The first half of 2014 seemed to be more optimistic. Based on its results the growth of the supply of metallurgical products to Europe compared to the same period in 2013 was 14%. Steelmakers sold 3.5 million tons of metallurgical products on these markets, notes analyst at Eavex Capital Investment Ivan Dzvinka. But in July and August sales in the EU decreased by 6%, the expert says. «The sharp decline in production caused by the unfolding hostilities in the Donbas region over this period forced steel companies to focus on fulfilling the conditions of existing contracts and manufacturing products with a higher added value (finished steel),» explained Dzvinka in a conversation with Capital.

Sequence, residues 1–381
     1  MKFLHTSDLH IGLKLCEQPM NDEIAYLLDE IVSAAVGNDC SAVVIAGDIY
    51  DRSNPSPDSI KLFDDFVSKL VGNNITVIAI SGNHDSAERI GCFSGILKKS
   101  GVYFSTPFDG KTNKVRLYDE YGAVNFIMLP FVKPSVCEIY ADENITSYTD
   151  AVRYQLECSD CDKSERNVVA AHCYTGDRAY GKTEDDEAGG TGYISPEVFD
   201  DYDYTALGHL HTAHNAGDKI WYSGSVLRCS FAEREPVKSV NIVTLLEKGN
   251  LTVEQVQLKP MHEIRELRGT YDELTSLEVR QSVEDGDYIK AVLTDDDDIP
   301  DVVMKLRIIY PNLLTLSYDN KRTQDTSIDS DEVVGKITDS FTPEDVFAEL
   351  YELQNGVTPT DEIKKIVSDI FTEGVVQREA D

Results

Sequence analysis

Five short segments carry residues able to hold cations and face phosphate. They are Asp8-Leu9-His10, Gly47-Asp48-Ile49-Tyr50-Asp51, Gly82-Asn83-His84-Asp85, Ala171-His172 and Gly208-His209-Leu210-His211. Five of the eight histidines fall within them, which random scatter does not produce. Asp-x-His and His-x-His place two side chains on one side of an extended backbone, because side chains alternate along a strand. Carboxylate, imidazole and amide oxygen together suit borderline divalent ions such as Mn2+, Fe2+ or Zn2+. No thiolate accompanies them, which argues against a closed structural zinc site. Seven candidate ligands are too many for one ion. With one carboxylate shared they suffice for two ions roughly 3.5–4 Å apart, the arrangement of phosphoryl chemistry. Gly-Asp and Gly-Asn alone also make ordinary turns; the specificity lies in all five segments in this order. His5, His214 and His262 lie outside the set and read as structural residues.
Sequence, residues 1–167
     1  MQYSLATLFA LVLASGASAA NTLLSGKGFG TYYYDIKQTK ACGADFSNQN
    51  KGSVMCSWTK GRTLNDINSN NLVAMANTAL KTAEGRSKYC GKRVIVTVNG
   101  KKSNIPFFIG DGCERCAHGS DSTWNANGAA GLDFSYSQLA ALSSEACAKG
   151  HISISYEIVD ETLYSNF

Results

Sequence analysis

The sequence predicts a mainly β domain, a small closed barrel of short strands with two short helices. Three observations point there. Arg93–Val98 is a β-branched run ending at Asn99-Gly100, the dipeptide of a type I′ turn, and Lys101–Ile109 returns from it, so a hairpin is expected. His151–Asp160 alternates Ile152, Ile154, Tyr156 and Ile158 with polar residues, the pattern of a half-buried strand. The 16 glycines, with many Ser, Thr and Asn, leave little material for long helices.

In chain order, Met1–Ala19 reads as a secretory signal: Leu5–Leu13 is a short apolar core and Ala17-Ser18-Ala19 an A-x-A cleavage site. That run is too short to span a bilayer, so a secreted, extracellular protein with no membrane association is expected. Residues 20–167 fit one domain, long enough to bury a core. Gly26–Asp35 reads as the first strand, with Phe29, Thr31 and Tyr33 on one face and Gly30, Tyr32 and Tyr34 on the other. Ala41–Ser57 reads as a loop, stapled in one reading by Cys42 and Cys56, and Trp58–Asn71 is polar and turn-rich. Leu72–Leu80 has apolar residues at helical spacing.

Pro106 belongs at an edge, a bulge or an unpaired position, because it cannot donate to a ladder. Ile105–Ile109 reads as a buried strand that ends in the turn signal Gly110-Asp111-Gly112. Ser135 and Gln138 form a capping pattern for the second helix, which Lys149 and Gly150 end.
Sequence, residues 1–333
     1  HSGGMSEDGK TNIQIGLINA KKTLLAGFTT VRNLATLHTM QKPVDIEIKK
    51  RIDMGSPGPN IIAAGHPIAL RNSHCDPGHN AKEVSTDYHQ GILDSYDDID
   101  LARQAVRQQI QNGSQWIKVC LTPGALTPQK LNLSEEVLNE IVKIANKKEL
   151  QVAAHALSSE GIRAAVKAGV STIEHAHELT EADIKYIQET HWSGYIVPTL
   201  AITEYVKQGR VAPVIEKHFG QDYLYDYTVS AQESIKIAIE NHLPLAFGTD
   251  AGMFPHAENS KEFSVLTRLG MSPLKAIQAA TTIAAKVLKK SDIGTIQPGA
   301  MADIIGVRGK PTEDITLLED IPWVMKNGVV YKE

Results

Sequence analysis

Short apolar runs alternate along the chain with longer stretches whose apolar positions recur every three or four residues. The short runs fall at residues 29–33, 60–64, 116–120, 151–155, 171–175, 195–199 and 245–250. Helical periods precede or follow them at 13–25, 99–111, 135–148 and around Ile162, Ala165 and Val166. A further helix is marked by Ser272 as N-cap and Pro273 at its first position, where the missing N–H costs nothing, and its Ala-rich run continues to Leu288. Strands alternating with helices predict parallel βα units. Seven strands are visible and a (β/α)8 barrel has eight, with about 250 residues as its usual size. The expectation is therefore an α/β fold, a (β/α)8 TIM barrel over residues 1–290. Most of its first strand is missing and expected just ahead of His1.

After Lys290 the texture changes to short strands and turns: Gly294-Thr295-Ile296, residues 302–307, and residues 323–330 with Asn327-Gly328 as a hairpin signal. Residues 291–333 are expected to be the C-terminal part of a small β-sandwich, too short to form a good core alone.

From semi-finished products to rolled steel

Interesting is the fact that in the period July—August Ukrainian steelmakers did not increase supplies of semi-finished products to the EU, as was par for the course in previous years. After all, the daughter companies of metallurgical groups, which literally turn semi-finished materials into products with higher added value, are located in Europe. On the contrary, over the same period steelmakers increased exports of highly processed products — long and flat rolled products — to the EU. «In July-August exports of long products to the EU increased by 28% compared to the same period last year — up to 90,000 t, while supplies of flat-rolled products increased by 15% — up to 334,000 t,» said Dzvinka. At the same time, the sales of semi-finished products over the aforementioned two months dropped by 18%. Such a situation is atypical and it arises from full suspension or reduced operations of the companies, experts say.